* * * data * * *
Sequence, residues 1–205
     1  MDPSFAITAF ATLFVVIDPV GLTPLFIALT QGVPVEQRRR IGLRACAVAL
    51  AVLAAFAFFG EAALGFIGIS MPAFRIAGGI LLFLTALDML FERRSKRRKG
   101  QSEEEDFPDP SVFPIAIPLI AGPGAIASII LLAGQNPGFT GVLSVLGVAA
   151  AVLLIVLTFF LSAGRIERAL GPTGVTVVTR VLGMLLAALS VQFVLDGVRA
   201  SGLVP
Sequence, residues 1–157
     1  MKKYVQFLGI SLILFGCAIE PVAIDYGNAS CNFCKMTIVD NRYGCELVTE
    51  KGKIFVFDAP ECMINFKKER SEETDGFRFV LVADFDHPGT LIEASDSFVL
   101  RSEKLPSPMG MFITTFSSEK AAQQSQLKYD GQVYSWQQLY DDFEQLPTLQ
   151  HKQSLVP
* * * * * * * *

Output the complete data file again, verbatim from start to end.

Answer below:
Sequence, residues 1–205
     1  MDPSFAITAF ATLFVVIDPV GLTPLFIALT QGVPVEQRRR IGLRACAVAL
    51  AVLAAFAFFG EAALGFIGIS MPAFRIAGGI LLFLTALDML FERRSKRRKG
   101  QSEEEDFPDP SVFPIAIPLI AGPGAIASII LLAGQNPGFT GVLSVLGVAA
   151  AVLLIVLTFF LSAGRIERAL GPTGVTVVTR VLGMLLAALS VQFVLDGVRA
   201  SGLVP
Sequence, residues 1–157
     1  MKKYVQFLGI SLILFGCAIE PVAIDYGNAS CNFCKMTIVD NRYGCELVTE
    51  KGKIFVFDAP ECMINFKKER SEETDGFRFV LVADFDHPGT LIEASDSFVL
   101  RSEKLPSPMG MFITTFSSEK AAQQSQLKYD GQVYSWQQLY DDFEQLPTLQ
   151  HKQSLVP